YURI FEDOTOV: I am pleased to report to the Third Committee on the work of the UN Office on Drugs and Crime at this pivotal time how the challenges of transnational organized crime, illicit drugs and corruption can be best addressed in the focus of two high-level meetings – namely the 13th year of congress in crime prevention and criminal justice in a [inaudible] next year and the UN General Assembly Special Session on the world drug problem in 2016.
Ongoing discussions on the post-2015 development agenda leading up to the summit next September have further highlighted the links between security, justice and the obtainment of a better, more equitable world.
I strongly believe that these milestone events represent crucial, much needed opportunities to advance global cooperation in this area in a meaningful and coordinated way.
As a lead entity of the UN Secretariat in assistant countries to address the global challenges of drugs and crime [inaudible] assistance to support member states to help ensure that these opportunities do not pass us by.
UNODC and its field officers continue to provide technical assistance and comprehensive support to compliment the International Conventions on Drugs Transnational Organized Crimes and Corruption as well as universal instruments against terrorism.
I am grateful for the trust you have shown in UNODC over the past years and count on your continued support.
Against a rapid rise in voluntary contributions – mostly earmarked – we have to review our funding in order to achieve overall strategic and operational coherence as well as efficiency and transparency in delivering our services.
To continue to operate effectively UNODC needs a solid stream of predictable and stable resources.
Ladies and gentleman, the sustainable goals proposed by open working group include a goal on promoting peaceful and inclusive societies, providing access to justice for all and building effective, accountable and inclusive executions at all levels.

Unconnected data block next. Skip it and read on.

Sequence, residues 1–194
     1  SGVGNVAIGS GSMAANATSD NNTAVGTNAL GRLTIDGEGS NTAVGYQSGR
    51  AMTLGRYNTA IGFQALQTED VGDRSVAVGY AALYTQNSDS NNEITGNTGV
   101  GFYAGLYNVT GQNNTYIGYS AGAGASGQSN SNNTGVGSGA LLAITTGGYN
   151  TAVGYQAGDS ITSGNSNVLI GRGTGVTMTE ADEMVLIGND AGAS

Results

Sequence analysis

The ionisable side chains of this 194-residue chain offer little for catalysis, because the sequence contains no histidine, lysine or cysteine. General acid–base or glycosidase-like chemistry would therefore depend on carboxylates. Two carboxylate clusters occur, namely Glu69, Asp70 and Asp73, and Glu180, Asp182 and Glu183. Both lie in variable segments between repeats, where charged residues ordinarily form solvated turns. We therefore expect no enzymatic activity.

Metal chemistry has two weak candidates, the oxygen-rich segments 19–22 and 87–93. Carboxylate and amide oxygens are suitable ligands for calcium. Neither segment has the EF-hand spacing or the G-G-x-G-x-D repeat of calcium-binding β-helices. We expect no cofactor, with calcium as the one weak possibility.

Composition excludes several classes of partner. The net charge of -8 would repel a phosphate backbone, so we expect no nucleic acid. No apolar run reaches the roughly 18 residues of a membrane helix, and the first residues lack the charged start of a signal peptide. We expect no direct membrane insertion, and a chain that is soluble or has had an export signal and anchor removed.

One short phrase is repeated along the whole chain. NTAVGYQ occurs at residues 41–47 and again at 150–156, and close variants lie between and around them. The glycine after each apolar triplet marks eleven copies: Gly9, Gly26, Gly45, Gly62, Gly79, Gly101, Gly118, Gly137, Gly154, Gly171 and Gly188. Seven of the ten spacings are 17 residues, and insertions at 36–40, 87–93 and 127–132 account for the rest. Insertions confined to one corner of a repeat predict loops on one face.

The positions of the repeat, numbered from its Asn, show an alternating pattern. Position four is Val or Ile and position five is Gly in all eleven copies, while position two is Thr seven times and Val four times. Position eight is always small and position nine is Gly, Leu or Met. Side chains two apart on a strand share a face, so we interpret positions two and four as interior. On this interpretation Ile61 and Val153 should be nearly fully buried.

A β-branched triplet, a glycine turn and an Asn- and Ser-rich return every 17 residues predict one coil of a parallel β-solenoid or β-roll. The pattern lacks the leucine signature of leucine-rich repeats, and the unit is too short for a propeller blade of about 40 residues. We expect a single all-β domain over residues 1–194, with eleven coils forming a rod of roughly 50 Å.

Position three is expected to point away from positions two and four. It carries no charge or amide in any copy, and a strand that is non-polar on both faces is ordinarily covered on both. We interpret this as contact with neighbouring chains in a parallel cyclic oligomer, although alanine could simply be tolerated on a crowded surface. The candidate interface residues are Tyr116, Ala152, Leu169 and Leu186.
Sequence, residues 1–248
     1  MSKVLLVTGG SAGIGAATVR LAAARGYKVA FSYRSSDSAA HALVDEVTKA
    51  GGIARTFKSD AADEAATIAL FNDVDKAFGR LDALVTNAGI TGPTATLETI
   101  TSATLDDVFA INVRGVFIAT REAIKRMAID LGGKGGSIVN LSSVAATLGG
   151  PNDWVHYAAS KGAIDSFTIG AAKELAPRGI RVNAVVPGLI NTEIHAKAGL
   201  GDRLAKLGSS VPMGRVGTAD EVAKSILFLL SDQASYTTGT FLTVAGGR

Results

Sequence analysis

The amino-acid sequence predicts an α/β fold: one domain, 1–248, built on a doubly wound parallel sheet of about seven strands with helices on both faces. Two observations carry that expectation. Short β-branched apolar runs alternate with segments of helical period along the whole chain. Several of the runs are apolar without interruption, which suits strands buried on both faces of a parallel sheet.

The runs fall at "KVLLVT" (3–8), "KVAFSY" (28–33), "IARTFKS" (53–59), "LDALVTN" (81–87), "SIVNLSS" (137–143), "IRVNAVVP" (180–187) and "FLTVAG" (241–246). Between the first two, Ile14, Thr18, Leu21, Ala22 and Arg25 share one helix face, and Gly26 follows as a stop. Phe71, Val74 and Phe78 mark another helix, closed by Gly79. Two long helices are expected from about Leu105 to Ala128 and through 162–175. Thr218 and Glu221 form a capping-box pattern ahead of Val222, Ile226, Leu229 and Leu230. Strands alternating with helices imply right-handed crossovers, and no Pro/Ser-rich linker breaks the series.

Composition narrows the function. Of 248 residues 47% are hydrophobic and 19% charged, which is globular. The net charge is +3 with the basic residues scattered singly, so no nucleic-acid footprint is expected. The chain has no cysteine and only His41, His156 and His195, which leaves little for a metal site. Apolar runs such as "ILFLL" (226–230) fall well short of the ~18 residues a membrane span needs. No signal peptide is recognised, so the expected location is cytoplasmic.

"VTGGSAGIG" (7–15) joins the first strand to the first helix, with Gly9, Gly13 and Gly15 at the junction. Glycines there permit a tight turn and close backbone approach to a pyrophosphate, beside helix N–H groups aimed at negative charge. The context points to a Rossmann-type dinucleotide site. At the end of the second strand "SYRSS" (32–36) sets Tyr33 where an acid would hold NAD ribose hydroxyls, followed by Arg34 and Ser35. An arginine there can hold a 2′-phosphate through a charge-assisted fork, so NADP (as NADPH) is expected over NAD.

Key objectives elaborated under this goal including ending trafficking in all its forms and all forms of violence against children and reducing financial and arms flows, strengthening recovery and the return of stolen assets, combating all forms of organized crime and reducing corruption goes to the heart of the [inaudible] mandate. This could be our practical contribution to the integrated UN development agenda.
The theme of the [inaudible] is precisely integrated crime prevention and criminal justice into the wider UN agenda to address social and economic challenges. The congress taking place as the head on the post-2015 agenda thus presents a chance to strengthen the global response to human trafficking, migrants, [inaudible] crime and many other forms of transnational organized crime as well to support development progress.
I look forward to discussing further the crime congress later this afternoon at the chambers.
Guided by the same objectives member states have come together this week in Vienna. The seventh session of the conference of the parties to the UN convention and transnational organized crime to discuss how to make implementation of this very important convention more efficient and more effective.